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5 "Tells" that the Stock Markets Are About to Reverse

Stock Market Investment Success Through the “Investment Rule of 72”

InvestorEducation / Learning to Invest Oct 21, 2016 - 05:14 PM GMT

By: Christopher_Quigley

InvestorEducation

The issue of successful stock market investment affects us all. Even if we are not directly engaged in the industry, all of us will need some form of pension to fund our retirement. Whether we like it or not most of our retirement funds will find their way into the financial markets. For this very reason, the issue of pensions has moved politically centre stage; in particular the investment strategies used to administer pension funds. Due to mismanagement, mainly over the last decade, many retirement portfolios have become under-funded at best, or, at worst, totally bust. This situation is a direct result of the managed funds having been speculated rather than invested. Many cynics will say that the whole investment environment today has more of the characteristics of a casino than of a professional market of equities and, therefore, they doubt that one can ever achieve a faithful and fair return on capital. However, this view is erroneous. This essay sets out to explain how to achieve superior pension investment returns through a simple yet powerful investment rule: “the rule of 72. This rule is based on investment and not speculation yet if you faithfully apply it your returns, over time, will be spectacular. Many believe that such degree of return is only possible through “speculative activity”. They are wrong and I will explain.


Benjamin Graham, the father of security analysis, and mentor of Warren Buffett, long believed in the stock market as a means to achieve financial freedom. The wealth he accumulated and the school of successful investment gurus he educated are testament to his insight and genius. The key to his formula has always been one simple concept: VALUE. His central message never changed and in a financial community which bores easily, his conservative investment style became "classical" and then "old fashioned". Graham ultimately derided the fads and trends that engulfed Wall Street and he eventually gave up trading and managing funds. However, his "baton" of value was spectacularly taken up by his acolyte, Warren Buffett, who went on to become the most successful investor of all time.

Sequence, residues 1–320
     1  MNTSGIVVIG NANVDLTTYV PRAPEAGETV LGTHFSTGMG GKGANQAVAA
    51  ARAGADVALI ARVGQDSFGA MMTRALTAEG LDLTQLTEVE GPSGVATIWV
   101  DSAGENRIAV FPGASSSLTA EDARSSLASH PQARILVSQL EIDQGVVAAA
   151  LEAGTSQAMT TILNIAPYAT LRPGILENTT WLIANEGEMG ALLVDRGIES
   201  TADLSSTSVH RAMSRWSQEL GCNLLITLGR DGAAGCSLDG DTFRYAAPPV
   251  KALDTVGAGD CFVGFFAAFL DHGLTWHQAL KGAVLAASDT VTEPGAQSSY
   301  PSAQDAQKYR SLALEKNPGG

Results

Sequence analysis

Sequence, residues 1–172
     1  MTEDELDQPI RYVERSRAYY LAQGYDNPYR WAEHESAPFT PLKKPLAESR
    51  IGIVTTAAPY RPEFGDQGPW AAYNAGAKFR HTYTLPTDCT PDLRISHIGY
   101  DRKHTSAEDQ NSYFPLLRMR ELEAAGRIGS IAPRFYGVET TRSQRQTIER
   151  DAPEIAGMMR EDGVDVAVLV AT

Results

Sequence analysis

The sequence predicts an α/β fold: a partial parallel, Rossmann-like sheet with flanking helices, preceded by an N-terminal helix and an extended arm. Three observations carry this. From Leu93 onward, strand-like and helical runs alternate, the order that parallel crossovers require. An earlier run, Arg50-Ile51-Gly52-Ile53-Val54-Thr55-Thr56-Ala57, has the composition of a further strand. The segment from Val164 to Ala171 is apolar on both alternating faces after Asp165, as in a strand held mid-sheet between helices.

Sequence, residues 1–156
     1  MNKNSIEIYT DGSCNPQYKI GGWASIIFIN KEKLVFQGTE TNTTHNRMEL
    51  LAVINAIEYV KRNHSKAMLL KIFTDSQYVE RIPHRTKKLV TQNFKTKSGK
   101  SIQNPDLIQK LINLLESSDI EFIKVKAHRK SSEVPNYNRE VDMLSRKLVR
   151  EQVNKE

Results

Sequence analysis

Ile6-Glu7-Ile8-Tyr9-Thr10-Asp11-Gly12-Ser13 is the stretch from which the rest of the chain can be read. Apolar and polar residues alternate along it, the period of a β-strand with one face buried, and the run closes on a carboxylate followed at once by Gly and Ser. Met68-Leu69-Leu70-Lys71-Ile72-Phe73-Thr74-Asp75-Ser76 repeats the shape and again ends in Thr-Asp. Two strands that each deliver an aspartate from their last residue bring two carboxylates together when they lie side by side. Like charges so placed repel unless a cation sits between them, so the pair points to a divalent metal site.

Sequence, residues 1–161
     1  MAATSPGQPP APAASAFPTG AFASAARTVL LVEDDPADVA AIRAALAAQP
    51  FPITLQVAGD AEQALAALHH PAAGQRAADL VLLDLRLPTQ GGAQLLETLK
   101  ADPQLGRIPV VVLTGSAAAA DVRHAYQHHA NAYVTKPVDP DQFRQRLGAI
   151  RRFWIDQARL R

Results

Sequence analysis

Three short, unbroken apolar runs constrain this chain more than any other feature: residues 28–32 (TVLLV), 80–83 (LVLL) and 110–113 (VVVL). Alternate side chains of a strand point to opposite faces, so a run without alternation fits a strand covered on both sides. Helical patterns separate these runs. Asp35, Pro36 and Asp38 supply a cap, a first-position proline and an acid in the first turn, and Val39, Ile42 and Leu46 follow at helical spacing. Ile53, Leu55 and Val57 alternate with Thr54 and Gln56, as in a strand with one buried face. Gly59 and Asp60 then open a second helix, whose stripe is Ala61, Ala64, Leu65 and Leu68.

Buffett, like Graham, believes the policy of investing does not require high qualities of insight or forethought, as long as some simple rules are applied. In essence these simple rules are:

            1.         Safety of Capital

            2.         Adequacy of Return

An operation that does not seek both of the above is not an investment but a speculation.

Now in today's complex, volatile, media-driven and fast-moving market environment how does one actually apply these simple rules? The essential thing to realise is that when you buy an equity, you are purchasing part of a business. Investment is most intelligent when it is most business like.

For over the two decades, for pension purposes, I have been educating clients on how to achieve excellent pension returns through passive saving into the S & P 500. This strategy ensures safety of capital and good return because ones hard earned money is spread over 500 companies (thus ensuring spread of risk) that pay good dividends (thus gaining good return).

The rule of 72.

The 'Rule of 72' is a simplified way to determine how many years an investment will take to double, given a fixed annual rate of interest. Thus by dividing 72 by the annual rate of return, investors can get a rough estimate of how long it will take for the initial investment to “double” itself.

Our target annual rate of return is 10%. (This is the rate the S & P has grown, on average, over the last 30 years). This average annual return objective when married to the “miracle” of compounding turns a consistent savings fund into an excellent retirement nest egg. Let me demonstrate.

When you divide 10 into 72 you get 7.2 . This means that it will take 7 years (approx.) for ones fund to double:

Year 1.                        1000 X 1.10    =          1100

Year 2.                        1100 X 1.10    =          1210

Year 3.                        1210 X 1.10    =          1331

Year 4.                        1131 X 1.10    =         1464

Year 5.                        1464 X 1.10     =         1611

Year 6.                        1611 X 1.10     =         1771

Year 7.                        1771 X 1.10     =         1949

The average “pension investment” cycle is about 40 years (25-65 = 40), therefore if you focus on achieving an annual investment target of 10% you can get 6 “doublings” (approx.) of your investment over the 40 year period. Thus through the “magic” of compounding an “investment pot” of 20,000 Euro or a fund developed through dollar cost average saving (see addendum 3), can grow into a handsome pension fund of 1.24 million Euro after 6 such “doublings”.